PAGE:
A Structural Investigation of Quantitative Easing
|Research Area:||Monetary Policy|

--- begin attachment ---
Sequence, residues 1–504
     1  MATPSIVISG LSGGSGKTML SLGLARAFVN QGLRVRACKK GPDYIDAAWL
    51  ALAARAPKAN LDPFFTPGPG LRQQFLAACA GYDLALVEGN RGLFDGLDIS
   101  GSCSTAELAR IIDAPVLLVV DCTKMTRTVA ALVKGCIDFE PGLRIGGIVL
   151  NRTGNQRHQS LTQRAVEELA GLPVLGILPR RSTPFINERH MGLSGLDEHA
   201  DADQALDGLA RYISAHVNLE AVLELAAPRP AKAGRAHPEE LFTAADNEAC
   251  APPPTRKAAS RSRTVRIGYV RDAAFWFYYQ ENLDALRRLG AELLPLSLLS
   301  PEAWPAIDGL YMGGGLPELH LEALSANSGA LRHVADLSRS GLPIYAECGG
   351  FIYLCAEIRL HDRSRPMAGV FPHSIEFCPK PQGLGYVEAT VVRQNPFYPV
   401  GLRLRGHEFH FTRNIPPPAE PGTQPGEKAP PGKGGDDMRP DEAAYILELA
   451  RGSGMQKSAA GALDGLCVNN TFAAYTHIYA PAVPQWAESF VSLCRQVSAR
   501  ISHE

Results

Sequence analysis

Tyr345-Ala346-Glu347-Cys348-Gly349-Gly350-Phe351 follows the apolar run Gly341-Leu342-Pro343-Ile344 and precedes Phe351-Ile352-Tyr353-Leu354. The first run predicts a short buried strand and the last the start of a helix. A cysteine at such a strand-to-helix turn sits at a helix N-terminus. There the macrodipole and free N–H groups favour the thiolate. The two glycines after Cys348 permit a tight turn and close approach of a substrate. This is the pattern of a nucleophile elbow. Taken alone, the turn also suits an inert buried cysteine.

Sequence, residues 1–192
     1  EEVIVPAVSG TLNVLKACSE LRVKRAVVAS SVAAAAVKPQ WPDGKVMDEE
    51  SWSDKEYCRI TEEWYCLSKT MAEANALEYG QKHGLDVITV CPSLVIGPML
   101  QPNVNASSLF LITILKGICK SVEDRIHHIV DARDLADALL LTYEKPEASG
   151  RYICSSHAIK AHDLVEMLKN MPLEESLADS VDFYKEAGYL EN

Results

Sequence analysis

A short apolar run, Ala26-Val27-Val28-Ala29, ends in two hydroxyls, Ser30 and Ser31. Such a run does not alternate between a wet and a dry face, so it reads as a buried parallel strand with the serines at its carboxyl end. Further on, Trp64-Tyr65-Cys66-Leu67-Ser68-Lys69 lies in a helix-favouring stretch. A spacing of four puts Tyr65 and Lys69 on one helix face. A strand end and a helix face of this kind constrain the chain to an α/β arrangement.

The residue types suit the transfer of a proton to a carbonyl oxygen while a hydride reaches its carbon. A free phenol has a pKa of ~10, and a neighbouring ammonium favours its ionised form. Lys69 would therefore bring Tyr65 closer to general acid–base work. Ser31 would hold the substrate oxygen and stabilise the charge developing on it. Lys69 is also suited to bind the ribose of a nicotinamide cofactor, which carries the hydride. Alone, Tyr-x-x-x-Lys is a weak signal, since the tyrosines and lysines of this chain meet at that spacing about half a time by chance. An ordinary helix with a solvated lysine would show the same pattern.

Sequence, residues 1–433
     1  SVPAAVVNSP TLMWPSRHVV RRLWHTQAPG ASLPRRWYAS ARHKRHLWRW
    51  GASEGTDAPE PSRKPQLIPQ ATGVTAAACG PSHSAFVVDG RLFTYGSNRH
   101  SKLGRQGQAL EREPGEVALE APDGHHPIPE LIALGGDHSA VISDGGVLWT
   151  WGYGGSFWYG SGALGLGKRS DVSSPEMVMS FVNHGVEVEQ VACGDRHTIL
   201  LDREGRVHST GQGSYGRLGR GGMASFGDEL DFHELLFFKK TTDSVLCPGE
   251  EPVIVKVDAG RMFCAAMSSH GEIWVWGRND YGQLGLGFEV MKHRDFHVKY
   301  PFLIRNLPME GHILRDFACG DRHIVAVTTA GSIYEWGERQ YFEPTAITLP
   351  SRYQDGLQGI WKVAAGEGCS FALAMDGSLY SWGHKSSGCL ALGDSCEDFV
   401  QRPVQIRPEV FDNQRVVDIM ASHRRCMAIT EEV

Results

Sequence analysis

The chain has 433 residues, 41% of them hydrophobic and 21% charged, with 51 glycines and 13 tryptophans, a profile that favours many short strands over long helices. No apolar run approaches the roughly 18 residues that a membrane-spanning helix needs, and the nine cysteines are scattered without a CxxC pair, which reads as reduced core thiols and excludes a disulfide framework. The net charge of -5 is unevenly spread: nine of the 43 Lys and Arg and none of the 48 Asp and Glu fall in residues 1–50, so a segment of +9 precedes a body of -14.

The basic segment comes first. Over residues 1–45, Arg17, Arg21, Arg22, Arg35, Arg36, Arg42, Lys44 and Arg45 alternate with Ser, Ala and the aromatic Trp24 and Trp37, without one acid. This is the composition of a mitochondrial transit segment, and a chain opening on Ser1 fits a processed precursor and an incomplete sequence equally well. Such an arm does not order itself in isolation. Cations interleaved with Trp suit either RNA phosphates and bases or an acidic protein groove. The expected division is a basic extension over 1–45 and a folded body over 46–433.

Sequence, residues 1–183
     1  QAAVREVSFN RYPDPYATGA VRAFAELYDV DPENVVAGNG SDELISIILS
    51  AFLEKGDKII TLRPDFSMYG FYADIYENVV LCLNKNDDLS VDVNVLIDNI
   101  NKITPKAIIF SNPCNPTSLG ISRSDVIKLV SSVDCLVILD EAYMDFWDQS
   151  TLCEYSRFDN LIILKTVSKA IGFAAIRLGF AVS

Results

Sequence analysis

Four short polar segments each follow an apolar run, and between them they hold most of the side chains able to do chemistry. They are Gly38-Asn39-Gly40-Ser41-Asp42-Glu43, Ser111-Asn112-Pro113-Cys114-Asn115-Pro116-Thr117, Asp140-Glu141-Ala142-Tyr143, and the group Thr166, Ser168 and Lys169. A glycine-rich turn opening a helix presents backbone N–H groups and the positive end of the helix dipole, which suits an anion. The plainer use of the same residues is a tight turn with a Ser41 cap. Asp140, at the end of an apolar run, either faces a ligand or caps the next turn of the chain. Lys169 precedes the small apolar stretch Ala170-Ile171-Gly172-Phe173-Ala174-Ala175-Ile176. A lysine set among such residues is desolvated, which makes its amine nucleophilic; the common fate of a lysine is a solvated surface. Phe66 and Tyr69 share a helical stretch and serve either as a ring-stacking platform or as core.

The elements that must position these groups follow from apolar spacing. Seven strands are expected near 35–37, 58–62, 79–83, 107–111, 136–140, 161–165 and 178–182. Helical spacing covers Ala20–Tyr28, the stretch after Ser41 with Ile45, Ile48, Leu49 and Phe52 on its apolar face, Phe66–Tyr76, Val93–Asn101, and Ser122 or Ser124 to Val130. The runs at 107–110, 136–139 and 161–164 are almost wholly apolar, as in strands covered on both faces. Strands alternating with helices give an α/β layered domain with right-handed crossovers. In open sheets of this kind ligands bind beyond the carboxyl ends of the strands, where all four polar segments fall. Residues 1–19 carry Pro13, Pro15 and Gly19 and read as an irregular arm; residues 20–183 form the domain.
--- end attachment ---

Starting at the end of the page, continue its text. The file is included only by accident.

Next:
Did the Federal Reserves’ Quantitative Easing (QE) in the aftermath of the financial crisis have macroeconomic effects? To answer this question, the authors estimate a large-scale DSGE model over the sample from 1998 to 2020, including data of the Fed’s balance sheet. The authors allow for QE to affect the economy via multiple channels that arise from several financial frictions. Their nonlinear Bayesian likelihood approach fully accounts for the zero lower bound on nominal interest rates. They find that between 2009 to 2015, QE increased output by about 1.2 percent. This reflects a net increase in investment of nearly 9 percent, that was accompanied by a 0.7 percent drop in aggregate consumption. Both, government bond and capital asset purchases were effective in improving financing conditions. Especially capital asset purchases significantly facilitated new investment and increased the production capacity. Against the backdrop of a fall in consumption, supply side effects dominated which led to a mild disinflationary effect of about 0.25 percent annually.